Tables and Figures

Tables and Figures should be submitted as separate documents. Graphs should be submitted as Excel or graphic files (JPG, TIF or GIF) and Tables should be submitted as separate Word documents. Tables: Each table should be presented on a separate page (see example). The title should be brief and self-explanatory. Vertical lines should not be used to separate columns. Group similar items in the left column (as shown in the example table). Horizontal lines are only used for column headings. Tables should be numbered according to their sequence in the text. Numerous small tables or unduly large and complex tables should not be used. Reversing columns and rows may reduce the dimensions of a table. Avoid the overuse of significant digits which may suggest false or unwarranted precision. Use zeros to the left of decimals in numbers less than 1. The level of experimental error and the statistical significance of results should be given. Levels of statistical significance should be indicated as follows without explanation: * = P<0.05, ** = P<0.01, *** = P<0.001. Alternatively, the actual P-value can be given. Where there is no significant difference leave space blank. Where no data is available leave blank. Note that only the first word of each column is capitalised. Footnotes to tables should be numerals. Tables should be self-explanatory and easy to comprehend without reference to the text. The details of the methods used in the experiments should preferably be described in the legend instead of in the text. The same data should not be presented in both table and graph form or repeated in the text. Where a series of Tables have the same footnotes, these can be referred back to the previous tables (e.g., See footnote(s) to Table 1).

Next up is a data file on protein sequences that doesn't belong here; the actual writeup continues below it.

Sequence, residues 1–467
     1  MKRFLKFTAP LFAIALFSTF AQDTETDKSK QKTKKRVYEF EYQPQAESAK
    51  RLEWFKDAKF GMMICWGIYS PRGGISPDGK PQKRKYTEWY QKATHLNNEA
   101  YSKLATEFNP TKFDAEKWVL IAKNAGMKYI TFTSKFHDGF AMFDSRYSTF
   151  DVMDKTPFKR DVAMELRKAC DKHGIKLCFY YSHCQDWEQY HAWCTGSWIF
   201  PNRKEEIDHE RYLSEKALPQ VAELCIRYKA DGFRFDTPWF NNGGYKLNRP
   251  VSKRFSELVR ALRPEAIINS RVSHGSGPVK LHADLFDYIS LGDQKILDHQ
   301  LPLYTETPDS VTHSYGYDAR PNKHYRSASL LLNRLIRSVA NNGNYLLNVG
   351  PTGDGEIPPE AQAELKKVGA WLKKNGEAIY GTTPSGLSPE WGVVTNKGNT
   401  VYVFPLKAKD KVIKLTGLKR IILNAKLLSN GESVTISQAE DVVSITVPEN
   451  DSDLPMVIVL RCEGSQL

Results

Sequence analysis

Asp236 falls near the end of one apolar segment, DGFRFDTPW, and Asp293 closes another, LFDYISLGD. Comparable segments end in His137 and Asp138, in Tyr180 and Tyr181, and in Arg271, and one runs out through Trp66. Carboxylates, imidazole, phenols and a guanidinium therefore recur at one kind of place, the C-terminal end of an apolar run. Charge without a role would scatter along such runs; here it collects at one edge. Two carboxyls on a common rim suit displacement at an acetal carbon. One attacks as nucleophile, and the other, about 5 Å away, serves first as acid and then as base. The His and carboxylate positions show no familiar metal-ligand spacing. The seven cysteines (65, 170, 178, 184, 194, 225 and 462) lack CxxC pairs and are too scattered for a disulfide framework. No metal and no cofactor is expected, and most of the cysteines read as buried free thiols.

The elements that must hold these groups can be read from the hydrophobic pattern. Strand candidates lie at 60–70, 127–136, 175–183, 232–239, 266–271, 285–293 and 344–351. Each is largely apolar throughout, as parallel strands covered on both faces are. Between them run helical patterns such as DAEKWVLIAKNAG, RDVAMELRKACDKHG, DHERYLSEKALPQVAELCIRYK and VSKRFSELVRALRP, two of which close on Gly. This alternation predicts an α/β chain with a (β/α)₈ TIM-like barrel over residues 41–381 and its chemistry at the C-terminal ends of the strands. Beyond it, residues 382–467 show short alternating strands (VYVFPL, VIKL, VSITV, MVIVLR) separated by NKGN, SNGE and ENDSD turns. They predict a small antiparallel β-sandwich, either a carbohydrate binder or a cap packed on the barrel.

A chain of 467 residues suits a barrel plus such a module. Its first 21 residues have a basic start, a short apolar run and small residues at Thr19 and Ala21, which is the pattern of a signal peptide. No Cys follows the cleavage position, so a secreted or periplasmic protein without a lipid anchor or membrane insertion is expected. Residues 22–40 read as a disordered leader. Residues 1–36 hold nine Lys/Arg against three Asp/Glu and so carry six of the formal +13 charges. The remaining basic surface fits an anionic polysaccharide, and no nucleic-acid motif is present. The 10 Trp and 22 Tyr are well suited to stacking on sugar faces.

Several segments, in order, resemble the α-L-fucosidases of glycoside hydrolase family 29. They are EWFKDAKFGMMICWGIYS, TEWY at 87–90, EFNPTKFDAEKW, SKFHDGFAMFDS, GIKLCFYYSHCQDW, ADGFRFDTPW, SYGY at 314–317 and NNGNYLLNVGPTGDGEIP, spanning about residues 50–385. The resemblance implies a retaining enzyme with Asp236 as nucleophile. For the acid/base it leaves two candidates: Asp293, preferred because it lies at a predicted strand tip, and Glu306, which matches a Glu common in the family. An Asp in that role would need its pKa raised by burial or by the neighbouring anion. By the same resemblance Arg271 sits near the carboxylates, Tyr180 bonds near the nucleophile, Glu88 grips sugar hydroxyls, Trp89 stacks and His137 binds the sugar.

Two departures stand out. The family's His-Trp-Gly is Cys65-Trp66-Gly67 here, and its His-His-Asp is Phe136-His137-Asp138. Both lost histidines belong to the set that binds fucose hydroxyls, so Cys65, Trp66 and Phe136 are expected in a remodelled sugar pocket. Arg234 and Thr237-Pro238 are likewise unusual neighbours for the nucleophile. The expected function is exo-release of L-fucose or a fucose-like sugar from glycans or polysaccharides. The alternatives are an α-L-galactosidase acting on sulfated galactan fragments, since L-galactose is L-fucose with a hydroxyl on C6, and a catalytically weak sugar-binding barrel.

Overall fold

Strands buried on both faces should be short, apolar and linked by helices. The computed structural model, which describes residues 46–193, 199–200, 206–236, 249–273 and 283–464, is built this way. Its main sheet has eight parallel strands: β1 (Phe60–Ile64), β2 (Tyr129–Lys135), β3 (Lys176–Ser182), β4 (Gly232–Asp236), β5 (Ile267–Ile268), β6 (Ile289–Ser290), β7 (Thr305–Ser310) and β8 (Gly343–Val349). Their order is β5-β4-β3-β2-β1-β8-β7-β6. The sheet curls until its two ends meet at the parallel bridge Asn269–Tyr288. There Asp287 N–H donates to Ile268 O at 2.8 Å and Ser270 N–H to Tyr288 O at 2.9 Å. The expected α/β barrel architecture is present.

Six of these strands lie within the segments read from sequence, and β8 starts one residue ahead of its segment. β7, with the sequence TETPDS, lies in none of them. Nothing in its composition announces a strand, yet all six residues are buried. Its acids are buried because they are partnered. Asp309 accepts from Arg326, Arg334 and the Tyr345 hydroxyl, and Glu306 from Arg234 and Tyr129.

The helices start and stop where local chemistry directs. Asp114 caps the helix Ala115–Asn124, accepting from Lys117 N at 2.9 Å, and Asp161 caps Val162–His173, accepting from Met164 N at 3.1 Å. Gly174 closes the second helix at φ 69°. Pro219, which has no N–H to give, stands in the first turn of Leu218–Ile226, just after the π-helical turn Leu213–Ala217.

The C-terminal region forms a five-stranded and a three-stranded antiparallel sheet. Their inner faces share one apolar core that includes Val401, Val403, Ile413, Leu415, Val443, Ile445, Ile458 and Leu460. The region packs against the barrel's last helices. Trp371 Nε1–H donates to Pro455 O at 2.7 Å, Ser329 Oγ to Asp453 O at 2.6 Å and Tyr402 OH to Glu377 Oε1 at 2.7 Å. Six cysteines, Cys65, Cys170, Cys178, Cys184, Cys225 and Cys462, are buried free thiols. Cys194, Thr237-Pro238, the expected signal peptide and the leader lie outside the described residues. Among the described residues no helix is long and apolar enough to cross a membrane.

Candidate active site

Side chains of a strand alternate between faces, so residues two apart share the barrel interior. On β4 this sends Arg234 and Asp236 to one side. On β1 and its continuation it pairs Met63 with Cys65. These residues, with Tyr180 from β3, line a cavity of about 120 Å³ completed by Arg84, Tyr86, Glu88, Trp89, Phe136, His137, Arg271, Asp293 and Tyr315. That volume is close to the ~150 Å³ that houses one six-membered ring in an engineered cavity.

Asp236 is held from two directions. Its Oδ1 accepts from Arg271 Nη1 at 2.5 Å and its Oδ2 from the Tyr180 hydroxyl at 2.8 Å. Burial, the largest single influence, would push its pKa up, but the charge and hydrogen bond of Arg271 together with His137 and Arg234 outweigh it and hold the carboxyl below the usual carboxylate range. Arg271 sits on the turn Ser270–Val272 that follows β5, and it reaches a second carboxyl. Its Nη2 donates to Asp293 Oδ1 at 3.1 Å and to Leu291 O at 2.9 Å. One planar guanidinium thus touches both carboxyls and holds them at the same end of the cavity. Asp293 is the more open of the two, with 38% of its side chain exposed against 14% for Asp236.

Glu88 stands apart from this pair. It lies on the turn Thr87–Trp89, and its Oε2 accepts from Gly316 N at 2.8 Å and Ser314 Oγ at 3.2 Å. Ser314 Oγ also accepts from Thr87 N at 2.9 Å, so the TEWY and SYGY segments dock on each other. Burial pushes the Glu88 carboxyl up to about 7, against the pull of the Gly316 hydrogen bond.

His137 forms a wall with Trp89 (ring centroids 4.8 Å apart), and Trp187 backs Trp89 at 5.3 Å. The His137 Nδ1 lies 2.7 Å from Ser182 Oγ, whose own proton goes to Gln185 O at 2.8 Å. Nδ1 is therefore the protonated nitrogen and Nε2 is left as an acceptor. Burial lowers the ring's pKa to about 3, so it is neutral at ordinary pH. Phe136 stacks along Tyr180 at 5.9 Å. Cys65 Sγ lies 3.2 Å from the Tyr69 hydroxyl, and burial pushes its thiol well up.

Example table

Table 4: Effect of supplementary concentrate feeding level with grass silage on live weight and carcass traits in Experiment 1

Figures: Figures should be presented with captions on separate pages. Avoid use of heavy-weight lines. There should be consistent, scale, boldness and font. Avoid the use of unnecessary background or gridlines or 3D display. Avoid ‘busy’ figures and rescale if there is a lot of white space. Solid symbols should be used before open ones and continuous lines should be used before dotted or dashed ones. All titles and legend text should be legible when the figure is reduced in size. A specimen figure indicating desirable symbols and thickness of lines is shown in the example. Begin each legend with a title (do not include legend(s) within the Figure) and include sufficient description so that the figure is understandable without reading the text of the manuscript. Information given in legends should not be repeated in the text. The x and y axes must be labelled and units must be given in parentheses. Do not repeat a table using a figure. Figures should be numbered according to their sequence in the text. Each figure has to be referred to in the text.

Example Figure

Figure 3. Changes in weight loss of coated (□) and uncoated (■) fresh-cut carrots during storage. Each value is the mean of two duplicates (each duplicate with triplicate measurements) and error bars represent standard errors of means.

Graphic files: Photos, drawings and diagrams can be submitted in any of the following formats: EPS, BMP, JPG, TIFF, GIF.